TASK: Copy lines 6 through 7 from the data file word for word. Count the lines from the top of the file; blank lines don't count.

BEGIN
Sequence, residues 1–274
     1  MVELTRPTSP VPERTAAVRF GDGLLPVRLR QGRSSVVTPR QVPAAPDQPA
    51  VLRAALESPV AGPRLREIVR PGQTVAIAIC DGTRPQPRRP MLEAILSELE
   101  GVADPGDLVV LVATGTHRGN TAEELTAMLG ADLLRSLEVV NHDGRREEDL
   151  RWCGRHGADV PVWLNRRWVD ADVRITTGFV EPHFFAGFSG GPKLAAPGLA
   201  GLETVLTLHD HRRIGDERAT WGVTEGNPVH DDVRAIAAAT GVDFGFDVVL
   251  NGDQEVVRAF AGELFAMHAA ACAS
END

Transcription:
   201  GLETVLTLHD HRRIGDERAT WGVTEGNPVH DDVRAIAAAT GVDFGFDVVL
   251  NGDQEVVRAF AGELFAMHAA ACAS